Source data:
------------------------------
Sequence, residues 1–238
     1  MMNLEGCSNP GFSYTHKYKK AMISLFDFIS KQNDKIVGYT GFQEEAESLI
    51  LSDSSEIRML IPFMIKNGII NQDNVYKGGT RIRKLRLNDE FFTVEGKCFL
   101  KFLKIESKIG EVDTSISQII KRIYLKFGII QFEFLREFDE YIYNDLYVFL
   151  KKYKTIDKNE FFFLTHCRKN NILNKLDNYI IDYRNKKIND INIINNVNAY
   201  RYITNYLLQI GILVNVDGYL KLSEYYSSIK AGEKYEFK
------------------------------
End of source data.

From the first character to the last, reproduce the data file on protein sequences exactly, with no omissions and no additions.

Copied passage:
Sequence, residues 1–238
     1  MMNLEGCSNP GFSYTHKYKK AMISLFDFIS KQNDKIVGYT GFQEEAESLI
    51  LSDSSEIRML IPFMIKNGII NQDNVYKGGT RIRKLRLNDE FFTVEGKCFL
   101  KFLKIESKIG EVDTSISQII KRIYLKFGII QFEFLREFDE YIYNDLYVFL
   151  KKYKTIDKNE FFFLTHCRKN NILNKLDNYI IDYRNKKIND INIINNVNAY
   201  RYITNYLLQI GILVNVDGYL KLSEYYSSIK AGEKYEFK